On January 20, 1909, the Bar Kochba Association in Prague launched an ambitious program of “festive evenings.” The organizers hoped for an immediate impact, so they invited Martin Buber, whose cultural Zionism had been generating a great deal of excitement among Central European Jewish intellectuals.
Buber’s emphasis on education and inner self-development, together with his call for the recovery of subterranean Jewish forces and sensibilities, and his promise that this would equip Western Jews to have a key part in a larger, cosmopolitan project of rebirth, all resonated powerfully with Bar Kochba’s leadership. Indeed, in addition to paying tribute to Buber again and again, they kept inviting him back. It was as their guest that Buber delivered the addresses in his celebrated volume Three Speeches on Judaism. And it was enthusiasm like theirs that eventually led Gershom Scholem, who went through his own adolescent infatuation with Buber, to remark on the excesses of “Buberty.”
Landing Buber was a coup, but Leo Hermann, the man in charge of setting up the festive evening, hadn’t done as well with his other invitations. Or so it must have seemed. Hermann wanted to pair Buber with someone who would broaden the appeal of the event. His first choice, the novelist Arthur Schnitzler, had turned him down. His second choice, the poet Richard Beer-Hofmann, did too. So Hermann went with Plan C—Felix Salten, who was a friend of both writers. Like Schnitzler and Beer-Hofmann, Salten had been a member of the Young Vienna circle of writers in the 1890s. Unlike them, however, he hadn’t produced any major works, let alone ones that engaged with Jewish themes, as, for example, Schnitzler’s great novel The Road into the Open (Der Weg ins Freie) did. At the time, Salten was mostly known for his wide-ranging activities as a newspaper critic, as a cultivator of connections to the Habsburg family (the great satirist Karl Kraus once described him as a “court journalist”), and for being the author of the pornographic fictional memoir Josefine Mutzenbacher. Published anonymously but immediately attributed to Salten, the book relates, in vivid detail, the story of a prostitute who has “experienced everything a woman can experience in bed, on tables, chairs, and benches,” etc., and who claims to “regret none of it.”
Hermann, of course, turned to Salten for other reasons. At 39, Salten was as fit—he was a devoted hiker and cyclist—and as lively as ever, and he could be a charismatic, even beguiling presence. Rilke, who wasn’t quick to praise, effused over the charm and energy of Salten’s conversation. After attending one of Salten’s lectures, Kafka noted that “the pleasure” of the female auditors had been palpable. Salten was, moreover, intriguing as a Zionist. Of the Young Vienna authors, he alone mobilized his pen in support of Theodor Herzl’s Zionist newspaper The World (Die Welt): During its first year, Salten had a regular column. Inspired by Herzl’s message of self-acceptance (or really, of self-improvement through self-acceptance), Salten became an effective critic of the attempt to hide or disown one’s Jewish heritage. He was also concerned about the menace of anti-Semitism. Salten grew up poor and feeling unprotected, and in his column he addressed the vulnerability of Eastern European Jews living in destitution, as well as the anti-Jewish utterances of demagogues such as Karl Lueger and Georg von Schönerer.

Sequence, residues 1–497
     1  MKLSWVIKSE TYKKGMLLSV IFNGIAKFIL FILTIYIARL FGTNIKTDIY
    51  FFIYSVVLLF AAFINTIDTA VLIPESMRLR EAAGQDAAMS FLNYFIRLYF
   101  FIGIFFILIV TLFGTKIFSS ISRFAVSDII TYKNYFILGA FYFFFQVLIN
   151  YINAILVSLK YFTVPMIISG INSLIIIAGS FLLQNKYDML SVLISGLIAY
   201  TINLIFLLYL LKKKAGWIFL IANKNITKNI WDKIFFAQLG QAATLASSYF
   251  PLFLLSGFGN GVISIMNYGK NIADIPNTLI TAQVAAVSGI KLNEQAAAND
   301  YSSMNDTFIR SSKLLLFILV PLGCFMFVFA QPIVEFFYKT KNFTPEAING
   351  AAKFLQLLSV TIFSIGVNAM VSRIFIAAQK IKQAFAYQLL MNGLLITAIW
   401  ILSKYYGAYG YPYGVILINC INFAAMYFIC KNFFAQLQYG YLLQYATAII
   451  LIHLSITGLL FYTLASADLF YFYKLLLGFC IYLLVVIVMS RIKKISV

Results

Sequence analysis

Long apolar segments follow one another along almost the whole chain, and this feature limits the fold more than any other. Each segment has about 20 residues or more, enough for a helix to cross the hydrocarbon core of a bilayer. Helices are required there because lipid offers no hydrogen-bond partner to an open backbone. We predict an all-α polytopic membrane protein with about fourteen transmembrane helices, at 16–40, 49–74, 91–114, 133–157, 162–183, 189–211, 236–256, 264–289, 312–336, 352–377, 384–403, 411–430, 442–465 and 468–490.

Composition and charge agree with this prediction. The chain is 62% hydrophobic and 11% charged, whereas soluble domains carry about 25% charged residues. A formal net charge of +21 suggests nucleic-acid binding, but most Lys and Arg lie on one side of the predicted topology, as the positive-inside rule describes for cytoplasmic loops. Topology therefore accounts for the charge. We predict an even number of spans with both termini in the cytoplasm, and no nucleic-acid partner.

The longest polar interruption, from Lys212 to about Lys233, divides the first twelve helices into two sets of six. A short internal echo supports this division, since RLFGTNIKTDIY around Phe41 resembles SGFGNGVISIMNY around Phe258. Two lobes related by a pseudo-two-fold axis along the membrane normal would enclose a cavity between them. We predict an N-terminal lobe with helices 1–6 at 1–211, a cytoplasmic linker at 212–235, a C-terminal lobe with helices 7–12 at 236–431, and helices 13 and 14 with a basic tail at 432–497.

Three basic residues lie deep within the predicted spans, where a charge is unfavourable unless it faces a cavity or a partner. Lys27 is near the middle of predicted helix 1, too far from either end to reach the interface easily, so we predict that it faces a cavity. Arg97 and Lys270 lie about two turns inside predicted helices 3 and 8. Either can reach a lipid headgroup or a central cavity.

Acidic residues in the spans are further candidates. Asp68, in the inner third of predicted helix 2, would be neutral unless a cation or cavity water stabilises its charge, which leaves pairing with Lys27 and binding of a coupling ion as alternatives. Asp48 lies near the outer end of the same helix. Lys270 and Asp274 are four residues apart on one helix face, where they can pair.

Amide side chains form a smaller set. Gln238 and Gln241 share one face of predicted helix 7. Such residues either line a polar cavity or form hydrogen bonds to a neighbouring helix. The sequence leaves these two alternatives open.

But, above all, it was culture that interested Salten. His most substantial, most searching essay for The World underlines the importance of the theater for Jewry’s self-awareness. His profile of Herzl, composed just after Herzl’s death in 1904, treats the project of political Zionism as the culmination of Herzl’s efforts as a playwright, rather than as a departure from them—as the “fifth act” that Herzl had plotted for the drama of his own life. Having consulted with Buber, Salten brought together his various interests and tendencies as a Zionist commentator in the speech he gave on January 20. The combination proved to be a winning one: Both the Zionists and the non-Zionists in attendance responded with clamorous approval. As the applause for Salten thundered on, Buber, who had worried that following him would be hard, was left wondering how, under such circumstances, he would manage to “connect with the public.” Reviews of the event suggest that Buber’s lecture didn’t, in fact, go over as well. As one participant wrote, “the evening was successful . . . mostly because Salten gave a brilliant performance.”
The years before the First World War mark the highpoint of Salten’s career as a Zionist speaker. He was invited back by Bar Kochba’s leaders, and when, in 1911, he made another appearance in the festive evening series, he shone just as brightly as he had the first time. But even after Zionist lecturing was mostly behind him, Salten continued to write as a Zionist. In 1924, for example, he travelled to Palestine and published a largely admiring book about what he saw there. This was soon after Salten had produced the work that would win him international fame: Bambi.
Bambi first appeared in serialized form in Vienna’s stately paper of record, the Neue Freie Presse. The book version appeared in 1923, and by then the story had established itself as one that appealed to adults and children alike. The American edition was so hotly anticipated that the fledgling Book of the Month Club ordered 50,000 copies before it had even appeared. Translated into English by Whittaker Chambers, of all people, and published in the United States in 1928, the novel was both a critical and commercial success.
One American reviewer deemed it to be as “profoundly pertinent to the modern experience as The Magic Mountain,” and it impressed more than a few influential readers. Among these was the producer and director Sidney Franklin, who bought the film rights to Bambi in 1933—for $1,000. His plan was to adapt the book to the screen as a live nature film, but he couldn’t figure out how to make it work. Eventually, he sold the rights to Walt Disney, who, with his visceral dislike of hunting, had been genuinely moved by Salten’s novel.